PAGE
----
China to launch longest-ever manned space mission

June 11, 2013
The Shenzhou-10 on its launch pad in Jiuquan, in the Gobi desert, on June 3, 2013. The Shenzhou-10—the name means "Divine Vessel"—was due to lift off at 0938 GMT.

China was to launch its longest-ever manned space mission Tuesday, with its second woman astronaut among the crew, as it steps up its ambitious space programme, a symbol of the country's growing power.

President Xi Jinping arrived at the Jiuquan launch centre in the Gobi desert to watch the lift-off of Shenzhou-10—the name means "Divine Vessel"—due at 0938 GMT.

UPDATE: Chinese spacecraft blasts off with three astronauts

Beijing sees the multi-billion-dollar space programme as a marker of its rising global stature and mounting technical expertise, as well as the ruling Communist Party's success in turning around the fortunes of the once poverty-stricken nation.

The programme is heavily promoted to the domestic audience, and state broadcaster CCTV began continuous coverage several hours before the launch.

Xi told the three astronauts, who include female air force pilot Wang Yaping, 33, and are due to spend 15 days in space, that he had come to see them off on behalf of the Communist Party, the government, the military and "all the nationalities and people of the entire nation".

"You make all the Chinese people feel proud. Your mission is both glorious and sacred", he added.

Mission commander Nie Haisheng responded: "We will certainly obey orders, comply with commands, be steady and calm, work with utmost care and perfectly complete the Shenzhou-10 mission."

Graphic fact file on China's space launch set for Tuesday.

The three crew, in white space suits, emerged from a building and greeted crowds of well-wishers waving flags and artificial flowers, some in traditional costumes, before getting into a bus for transfer to the launch pad.

State-run newspapers also gave the mission blanket coverage, with stories and pictures of the astronauts on almost every front page.

Wang will teach lessons to schoolchildren via video link during the mission, officials said.

"We are all students in facing the vast universe. We are looking forward to joining our young friends to learn and explore the mystical and beautiful universe," she told a press conference on Monday.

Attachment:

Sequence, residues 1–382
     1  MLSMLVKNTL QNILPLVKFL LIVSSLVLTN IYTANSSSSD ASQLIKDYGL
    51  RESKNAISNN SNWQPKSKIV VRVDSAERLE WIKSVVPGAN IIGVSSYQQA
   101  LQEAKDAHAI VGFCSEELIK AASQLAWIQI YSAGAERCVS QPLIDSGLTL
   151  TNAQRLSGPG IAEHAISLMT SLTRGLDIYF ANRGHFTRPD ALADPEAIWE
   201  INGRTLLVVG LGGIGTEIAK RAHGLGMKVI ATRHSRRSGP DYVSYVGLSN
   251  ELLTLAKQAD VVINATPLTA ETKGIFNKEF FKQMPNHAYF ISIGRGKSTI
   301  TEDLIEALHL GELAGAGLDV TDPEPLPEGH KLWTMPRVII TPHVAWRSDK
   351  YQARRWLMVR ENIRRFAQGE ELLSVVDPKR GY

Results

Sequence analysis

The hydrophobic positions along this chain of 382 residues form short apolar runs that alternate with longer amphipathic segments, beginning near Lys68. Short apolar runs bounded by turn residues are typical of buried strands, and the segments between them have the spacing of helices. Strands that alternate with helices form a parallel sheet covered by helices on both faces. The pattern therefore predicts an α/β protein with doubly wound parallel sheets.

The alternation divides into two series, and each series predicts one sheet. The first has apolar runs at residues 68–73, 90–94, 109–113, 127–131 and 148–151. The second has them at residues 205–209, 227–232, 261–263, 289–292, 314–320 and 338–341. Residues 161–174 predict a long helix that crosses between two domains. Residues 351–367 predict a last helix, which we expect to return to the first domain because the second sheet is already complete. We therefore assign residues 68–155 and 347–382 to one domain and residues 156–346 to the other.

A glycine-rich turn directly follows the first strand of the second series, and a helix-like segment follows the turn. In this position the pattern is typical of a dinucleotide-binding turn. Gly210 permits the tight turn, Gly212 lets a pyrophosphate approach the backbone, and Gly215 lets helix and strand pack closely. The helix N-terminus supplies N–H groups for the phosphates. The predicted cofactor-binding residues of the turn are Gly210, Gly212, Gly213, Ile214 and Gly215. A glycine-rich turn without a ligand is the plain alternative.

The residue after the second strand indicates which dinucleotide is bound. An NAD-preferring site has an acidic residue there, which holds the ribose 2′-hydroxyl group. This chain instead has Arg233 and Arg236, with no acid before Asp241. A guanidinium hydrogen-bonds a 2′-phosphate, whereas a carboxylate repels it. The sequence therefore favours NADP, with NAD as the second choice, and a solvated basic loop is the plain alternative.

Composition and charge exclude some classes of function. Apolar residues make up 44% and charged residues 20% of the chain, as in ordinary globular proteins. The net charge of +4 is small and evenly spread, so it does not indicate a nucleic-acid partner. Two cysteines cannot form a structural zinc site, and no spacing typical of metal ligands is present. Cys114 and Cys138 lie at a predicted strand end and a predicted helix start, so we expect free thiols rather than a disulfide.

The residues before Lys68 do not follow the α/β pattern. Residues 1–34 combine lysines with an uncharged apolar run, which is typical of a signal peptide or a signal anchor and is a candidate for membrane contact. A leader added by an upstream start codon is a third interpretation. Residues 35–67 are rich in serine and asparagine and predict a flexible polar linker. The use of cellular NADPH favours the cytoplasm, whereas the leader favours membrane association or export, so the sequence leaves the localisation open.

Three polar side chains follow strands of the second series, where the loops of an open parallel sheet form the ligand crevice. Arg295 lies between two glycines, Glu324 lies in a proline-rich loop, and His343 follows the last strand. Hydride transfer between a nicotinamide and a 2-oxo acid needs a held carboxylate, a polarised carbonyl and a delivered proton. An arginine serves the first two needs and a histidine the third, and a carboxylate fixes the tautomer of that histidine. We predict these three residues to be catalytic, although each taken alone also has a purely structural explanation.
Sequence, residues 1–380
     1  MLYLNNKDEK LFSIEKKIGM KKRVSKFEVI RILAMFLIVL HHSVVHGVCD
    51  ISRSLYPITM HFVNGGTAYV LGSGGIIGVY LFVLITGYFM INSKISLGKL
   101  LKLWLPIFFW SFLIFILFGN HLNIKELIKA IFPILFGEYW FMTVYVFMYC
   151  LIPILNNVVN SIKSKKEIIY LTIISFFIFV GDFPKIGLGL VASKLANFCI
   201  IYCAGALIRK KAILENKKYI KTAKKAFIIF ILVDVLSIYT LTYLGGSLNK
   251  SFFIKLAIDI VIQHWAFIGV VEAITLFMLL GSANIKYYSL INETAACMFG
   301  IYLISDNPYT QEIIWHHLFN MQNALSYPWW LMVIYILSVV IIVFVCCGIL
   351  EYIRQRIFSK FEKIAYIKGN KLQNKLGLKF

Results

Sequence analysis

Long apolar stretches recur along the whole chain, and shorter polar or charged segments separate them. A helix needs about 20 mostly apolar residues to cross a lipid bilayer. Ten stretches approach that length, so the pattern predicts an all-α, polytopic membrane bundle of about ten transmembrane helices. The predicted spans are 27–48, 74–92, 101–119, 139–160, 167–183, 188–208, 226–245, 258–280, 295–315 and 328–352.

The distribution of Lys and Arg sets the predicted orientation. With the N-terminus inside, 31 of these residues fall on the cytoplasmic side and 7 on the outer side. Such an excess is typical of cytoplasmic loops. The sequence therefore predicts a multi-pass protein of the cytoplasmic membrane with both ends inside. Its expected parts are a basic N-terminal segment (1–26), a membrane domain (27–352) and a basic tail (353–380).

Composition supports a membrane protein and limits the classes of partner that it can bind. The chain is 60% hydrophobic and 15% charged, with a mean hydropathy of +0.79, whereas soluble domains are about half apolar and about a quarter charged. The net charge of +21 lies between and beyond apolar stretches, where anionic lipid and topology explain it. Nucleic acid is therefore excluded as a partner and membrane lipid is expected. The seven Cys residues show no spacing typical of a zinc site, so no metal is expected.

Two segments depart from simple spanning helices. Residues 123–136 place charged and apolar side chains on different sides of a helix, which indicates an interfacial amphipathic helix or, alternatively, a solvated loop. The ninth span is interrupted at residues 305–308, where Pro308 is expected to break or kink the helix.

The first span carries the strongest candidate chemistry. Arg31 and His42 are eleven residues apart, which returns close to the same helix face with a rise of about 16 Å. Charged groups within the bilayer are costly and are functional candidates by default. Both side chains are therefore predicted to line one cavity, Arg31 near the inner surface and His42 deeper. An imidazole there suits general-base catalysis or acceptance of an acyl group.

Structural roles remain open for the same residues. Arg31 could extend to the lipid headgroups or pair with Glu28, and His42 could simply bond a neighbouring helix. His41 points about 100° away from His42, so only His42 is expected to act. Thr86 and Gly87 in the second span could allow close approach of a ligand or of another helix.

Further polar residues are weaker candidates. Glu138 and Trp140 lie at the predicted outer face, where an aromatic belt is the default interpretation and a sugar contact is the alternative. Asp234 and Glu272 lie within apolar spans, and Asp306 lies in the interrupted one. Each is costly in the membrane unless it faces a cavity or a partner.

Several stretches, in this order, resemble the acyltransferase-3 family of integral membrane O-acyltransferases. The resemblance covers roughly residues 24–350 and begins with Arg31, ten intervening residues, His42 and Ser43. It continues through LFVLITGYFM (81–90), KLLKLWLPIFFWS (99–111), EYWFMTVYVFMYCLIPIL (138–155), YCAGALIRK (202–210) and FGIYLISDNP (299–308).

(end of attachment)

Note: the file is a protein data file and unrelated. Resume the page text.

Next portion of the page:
The official Xinhua news agency ran profiles of the three astronauts, and said that Wang has 1,600 hours of flying experience, including dispelling clouds for the opening ceremony of the Beijing Olympics in 2008.

Crew member of the Shenzhou-10, Wang Yaping, during a press conference on June 10, 2013. She is China's second woman astronaut.

She is a major in the military and a member of the Communist Party.

"The experience of doing farm work since an early age has made her strong, and the habit of long-distance running tempered her will," Xinhua said.

It quoted her as saying that during parachute exercises in the air force: "We girls all cried while singing an inspiring song 'A Hero Never Dies' on our way back after the training."

The third crew member, senior colonel Zhang Xiaoguang, has previously tried for selection for space missions but was not picked, Xinhua said.

"If success is part of our life, so are setbacks. If those who had never failed are winners, so are those who always keep on trying," it quoted him as saying.

Crew members of the Shenzhou-10 attend a press conference in Jiuquan, northwest China, on June 10, 2013. The three astronauts are scheduled to spend 15 days in space.

The Shenzhou-10 will dock with the Tiangong-1—"Heavenly Palace"—space laboratory, and the crew will transfer into it and carry out medical and space technology experiments.

China first sent a human into space only in 2003 and its capabilities still lag behind the US and Russia, but its programme is highly ambitious and includes plans to land a man on the moon and build a station orbiting earth by 2020.

At the same time the United States, long the leader in the field, has scaled back some of its projects, such as retiring its space shuttle fleet.

Independent space analyst Morris Jones, who is based in Sydney, Australia, said: "I think the fact that they're flying a very long and complex mission shows that China's astronaut programme has reached a full degree of maturity.

"They are very steadily laying the groundwork that they will need to build their own space station."

Explore further: China may send its first woman into space: Xinhua

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